Hoteliers last month called for a more discriminating application of the investment incentives law for the construction of four- and five-star hotels, and went as far as to demand restrictions in the approval of subsidized projects.
The Hotels Chamber and the Panhellenic Federation of Hoteliers said in a joint announcement that their sector’s permanent position is that more attention be given to the modernization of existing units and to special tourism infrastructure projects, all of which would serve to upgrade the quality of the Greek tourism product in the best way possible and allow for free business competition.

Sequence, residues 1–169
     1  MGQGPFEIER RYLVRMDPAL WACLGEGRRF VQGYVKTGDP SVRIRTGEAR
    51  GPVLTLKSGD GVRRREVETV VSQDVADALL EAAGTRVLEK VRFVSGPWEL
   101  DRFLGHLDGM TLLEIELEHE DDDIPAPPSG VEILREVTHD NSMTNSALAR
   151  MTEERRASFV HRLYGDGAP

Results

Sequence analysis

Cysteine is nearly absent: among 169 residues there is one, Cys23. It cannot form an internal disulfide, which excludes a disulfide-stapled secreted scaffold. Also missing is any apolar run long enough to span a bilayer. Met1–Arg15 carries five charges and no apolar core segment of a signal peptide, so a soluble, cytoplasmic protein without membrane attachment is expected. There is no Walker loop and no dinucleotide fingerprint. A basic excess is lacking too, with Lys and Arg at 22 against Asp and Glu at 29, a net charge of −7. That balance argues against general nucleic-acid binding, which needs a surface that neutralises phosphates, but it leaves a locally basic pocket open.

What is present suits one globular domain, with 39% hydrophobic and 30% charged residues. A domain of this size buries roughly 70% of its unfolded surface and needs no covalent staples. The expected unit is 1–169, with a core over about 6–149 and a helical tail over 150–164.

Both groups of hoteliers disagreed with the allocation of direct subsidies for new hotel units in areas of high tourism development. They said that through such measures the price of the land rises disproportionately and the hotel product’s price is lowered. Instead, they urged government to retain its policy of determining sections in the country where direct incentives do not apply.
Similarly, the Association of Greek Tourist Enterprises says the government’s intention to proceed with subsidizing new hotels before the zoning planning for tourism is complete, and without any specific criteria for enriching and varying the tourism product, goes against the spirit of the investment incentives law for balanced development, the improvement of tourism’s competitiveness and the protection of the environment.
However, once all these procedures are in place, the association said it would have no reason to go against any government plan to subsidize new four- and five-star hotels.